What's the City doing about Noise?
Elected officials and City staff actively monitor airport planning and operations and pro-actively seek and advocate for policies and procedures to reduce noise and reduce overflights over Minneapolis. The City advocates for;
Noise-reducing procedures - There are some policies and procedures in place at MSP intended to reduce noise, or to avoid concentrating noise; the City monitors how they are used to ensure compliance. For example, the straight-out policy asks the FAA to avoid sending departures straight off the runway when possible, so that the people impacted by arrival paths are not also impacted by departures. There is also a policy, the Runway Use System, which asks the Control Tower to use alternatives to flying over Minneapolis when conditions allow it. There are limits to what these procedures can do, and they require the cooperation of the FAA control tower, but they can and do make a difference.
Balanced use of runways - Complaints often arise when a certain "flow" or a single runway seem to be used excessively. Minneapolis will almost always have either arrivals or departures over-head, but we do not like to get "stuck" in one flow where the arrivals or departures are constant. We also do not like to see a single runway used to excess causing repeated noise over the same areas. We support diversifying flight patterns and not concentrating noise. The FAA has complete authority over runway selection and flight paths and their choices are often dictated by wind or guided by the origin or destination of flights. We must rely on the voluntary actions of the FAA to address these concerns. With encouragement, and accountability, the FAA Control Tower has made efforts in this regard.
Federal Influence - Minneapolis is actively engaged on issues of federal law and policy- understanding the real impact that these policies have on our community. They City has been a strong and consistent voice for new ways to measure noise impacts, and for greater public engagement and stronger environmental review for FAA changes to flight paths. On the first two issues, there has been progress made. The FAA is looking at new noise metrics and has also been looking at how to improve public engagement. There is a long way to go, but the City continues to be part of this critical conversation. The City’s pro-active engagement on these issues signals to the FAA that we have high expectations when any local issues come up. The City maintains good, collaborative relationships with Minnesota's Federal delegation. The City has a pro-active agenda of federal Aviation Policy Positions.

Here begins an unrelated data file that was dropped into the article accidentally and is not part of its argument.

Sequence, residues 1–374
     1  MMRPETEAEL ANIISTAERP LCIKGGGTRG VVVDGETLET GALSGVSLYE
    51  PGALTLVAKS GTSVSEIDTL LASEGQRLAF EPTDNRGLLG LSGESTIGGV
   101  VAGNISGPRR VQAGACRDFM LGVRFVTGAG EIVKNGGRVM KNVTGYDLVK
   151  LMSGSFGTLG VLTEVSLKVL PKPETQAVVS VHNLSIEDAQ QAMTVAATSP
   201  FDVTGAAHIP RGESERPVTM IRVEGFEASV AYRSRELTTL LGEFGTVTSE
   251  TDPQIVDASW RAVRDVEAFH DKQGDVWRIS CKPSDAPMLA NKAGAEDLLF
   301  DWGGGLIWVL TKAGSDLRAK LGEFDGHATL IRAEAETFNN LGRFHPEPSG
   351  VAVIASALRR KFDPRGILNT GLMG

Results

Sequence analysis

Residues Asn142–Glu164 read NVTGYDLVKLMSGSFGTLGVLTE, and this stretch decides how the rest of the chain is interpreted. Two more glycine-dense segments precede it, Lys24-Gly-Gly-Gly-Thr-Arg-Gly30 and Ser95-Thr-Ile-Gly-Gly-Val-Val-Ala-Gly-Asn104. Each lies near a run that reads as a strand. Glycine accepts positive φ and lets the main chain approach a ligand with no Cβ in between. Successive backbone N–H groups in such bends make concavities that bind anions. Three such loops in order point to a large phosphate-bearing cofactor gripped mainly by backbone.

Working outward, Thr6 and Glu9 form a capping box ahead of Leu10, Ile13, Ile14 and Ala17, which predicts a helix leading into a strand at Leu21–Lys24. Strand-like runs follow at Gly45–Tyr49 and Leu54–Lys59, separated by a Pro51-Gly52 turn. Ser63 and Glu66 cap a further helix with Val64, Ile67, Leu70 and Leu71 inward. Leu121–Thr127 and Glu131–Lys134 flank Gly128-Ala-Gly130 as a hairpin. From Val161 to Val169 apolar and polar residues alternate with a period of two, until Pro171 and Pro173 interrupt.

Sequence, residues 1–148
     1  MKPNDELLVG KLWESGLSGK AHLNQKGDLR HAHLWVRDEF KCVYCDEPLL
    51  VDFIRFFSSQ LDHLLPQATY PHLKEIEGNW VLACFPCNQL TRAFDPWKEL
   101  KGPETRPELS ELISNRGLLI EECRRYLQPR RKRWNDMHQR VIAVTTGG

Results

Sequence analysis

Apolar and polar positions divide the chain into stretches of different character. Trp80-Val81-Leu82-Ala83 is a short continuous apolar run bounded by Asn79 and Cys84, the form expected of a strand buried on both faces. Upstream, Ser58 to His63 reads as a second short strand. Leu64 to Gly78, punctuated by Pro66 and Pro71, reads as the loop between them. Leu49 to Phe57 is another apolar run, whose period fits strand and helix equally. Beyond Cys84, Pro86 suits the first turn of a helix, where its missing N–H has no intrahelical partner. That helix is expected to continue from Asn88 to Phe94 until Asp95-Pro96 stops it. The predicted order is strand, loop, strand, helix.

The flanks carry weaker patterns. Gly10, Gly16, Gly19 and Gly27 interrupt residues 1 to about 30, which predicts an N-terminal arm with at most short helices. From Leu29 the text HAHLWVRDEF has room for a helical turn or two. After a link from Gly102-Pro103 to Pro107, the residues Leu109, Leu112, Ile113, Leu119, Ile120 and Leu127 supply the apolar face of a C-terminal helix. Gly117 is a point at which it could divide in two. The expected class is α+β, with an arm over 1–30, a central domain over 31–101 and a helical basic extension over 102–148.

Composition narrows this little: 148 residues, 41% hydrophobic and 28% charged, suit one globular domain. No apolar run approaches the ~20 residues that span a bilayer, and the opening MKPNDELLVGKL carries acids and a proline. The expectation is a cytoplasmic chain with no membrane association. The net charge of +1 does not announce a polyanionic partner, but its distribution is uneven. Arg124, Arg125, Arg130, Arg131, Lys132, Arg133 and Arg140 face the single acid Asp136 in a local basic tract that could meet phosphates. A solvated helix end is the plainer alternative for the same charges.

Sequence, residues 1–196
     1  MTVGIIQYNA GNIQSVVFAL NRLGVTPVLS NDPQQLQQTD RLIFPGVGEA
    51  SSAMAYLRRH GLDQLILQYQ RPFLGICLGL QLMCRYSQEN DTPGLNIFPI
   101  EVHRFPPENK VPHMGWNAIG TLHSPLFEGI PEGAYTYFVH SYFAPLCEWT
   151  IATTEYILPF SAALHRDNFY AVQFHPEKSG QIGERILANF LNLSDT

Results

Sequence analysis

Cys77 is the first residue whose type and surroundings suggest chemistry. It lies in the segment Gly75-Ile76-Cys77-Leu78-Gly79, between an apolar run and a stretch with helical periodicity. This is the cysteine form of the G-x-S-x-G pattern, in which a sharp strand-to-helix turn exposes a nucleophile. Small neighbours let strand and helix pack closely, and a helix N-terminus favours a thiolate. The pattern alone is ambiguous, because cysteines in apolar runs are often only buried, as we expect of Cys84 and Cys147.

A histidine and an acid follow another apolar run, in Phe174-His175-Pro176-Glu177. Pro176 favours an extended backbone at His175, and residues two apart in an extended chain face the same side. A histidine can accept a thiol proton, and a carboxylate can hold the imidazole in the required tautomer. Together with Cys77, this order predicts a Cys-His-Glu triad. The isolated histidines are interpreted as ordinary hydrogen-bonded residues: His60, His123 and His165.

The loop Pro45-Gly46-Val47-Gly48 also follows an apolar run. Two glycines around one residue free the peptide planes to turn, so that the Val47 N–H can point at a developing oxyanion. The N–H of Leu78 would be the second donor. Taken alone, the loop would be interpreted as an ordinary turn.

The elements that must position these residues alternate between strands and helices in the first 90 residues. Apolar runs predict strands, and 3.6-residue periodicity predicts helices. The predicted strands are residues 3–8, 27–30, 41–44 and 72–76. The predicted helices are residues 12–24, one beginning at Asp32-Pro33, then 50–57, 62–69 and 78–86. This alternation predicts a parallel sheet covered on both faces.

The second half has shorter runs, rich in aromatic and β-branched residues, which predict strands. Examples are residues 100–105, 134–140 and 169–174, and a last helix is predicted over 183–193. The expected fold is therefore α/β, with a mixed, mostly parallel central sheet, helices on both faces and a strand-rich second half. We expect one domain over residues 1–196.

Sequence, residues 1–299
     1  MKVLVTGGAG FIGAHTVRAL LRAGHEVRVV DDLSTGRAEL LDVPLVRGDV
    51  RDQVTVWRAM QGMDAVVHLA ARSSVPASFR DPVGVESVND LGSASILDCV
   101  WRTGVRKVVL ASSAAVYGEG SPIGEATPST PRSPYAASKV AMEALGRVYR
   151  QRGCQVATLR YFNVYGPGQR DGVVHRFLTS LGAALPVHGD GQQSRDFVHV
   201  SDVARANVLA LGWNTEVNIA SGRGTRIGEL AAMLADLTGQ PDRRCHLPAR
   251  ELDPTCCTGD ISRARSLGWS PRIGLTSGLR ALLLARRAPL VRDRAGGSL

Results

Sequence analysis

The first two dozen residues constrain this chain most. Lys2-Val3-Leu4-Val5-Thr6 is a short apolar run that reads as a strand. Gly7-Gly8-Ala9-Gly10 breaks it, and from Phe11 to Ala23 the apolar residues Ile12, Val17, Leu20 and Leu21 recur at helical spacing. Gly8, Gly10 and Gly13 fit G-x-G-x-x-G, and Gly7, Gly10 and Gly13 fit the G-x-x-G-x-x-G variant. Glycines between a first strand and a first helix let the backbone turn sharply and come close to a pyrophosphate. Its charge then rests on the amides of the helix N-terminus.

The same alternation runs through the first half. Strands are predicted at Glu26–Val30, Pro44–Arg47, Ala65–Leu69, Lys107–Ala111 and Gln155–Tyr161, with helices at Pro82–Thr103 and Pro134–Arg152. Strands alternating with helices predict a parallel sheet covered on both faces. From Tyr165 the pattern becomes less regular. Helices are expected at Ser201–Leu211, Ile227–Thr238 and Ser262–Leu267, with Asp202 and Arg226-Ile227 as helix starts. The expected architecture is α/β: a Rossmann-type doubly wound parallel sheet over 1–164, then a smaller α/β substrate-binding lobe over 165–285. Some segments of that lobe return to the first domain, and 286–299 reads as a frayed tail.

Better noise measures - Understanding the impacts of airplane noise starts with measuring it in a useful way. The City has communicated with Congress and the FAA our concerns about how noise is measured and modeled, and as an influential member of the National Organization to Ensure a Sound Controlled Environment, we have supported reform as part of the organization’s federal agenda. Among our concerns, the tool uses average noise which does not capture the impact of how frequent the planes are, or even the number of planes. The average noise from 100 planes could be the same as 50, but we know the experience is different. We also know that constant noise, with little break, is often a source of frustration for residents. The FAA Noise office is now taking a serious look at the existing noise model and is exploring potential changes.
Quieter planes - As members of the Noise Oversight Committee (NOC), the City encourages airlines to replace planes in their fleet with quieter models and to explore new technology that can reduce noise. Delta and American Airlines have taken action recently to improve their fleet mix and get rid of some of the loudest planes at MSP (MD-80s). The City supports retrofitting planes with parts that can help reduce noise, like vortex generators. The federal government has required that certain planes (stage 2) are phased out and replaced with quieter technology. The City and NOC monitor data to ensure compliance with this requirement.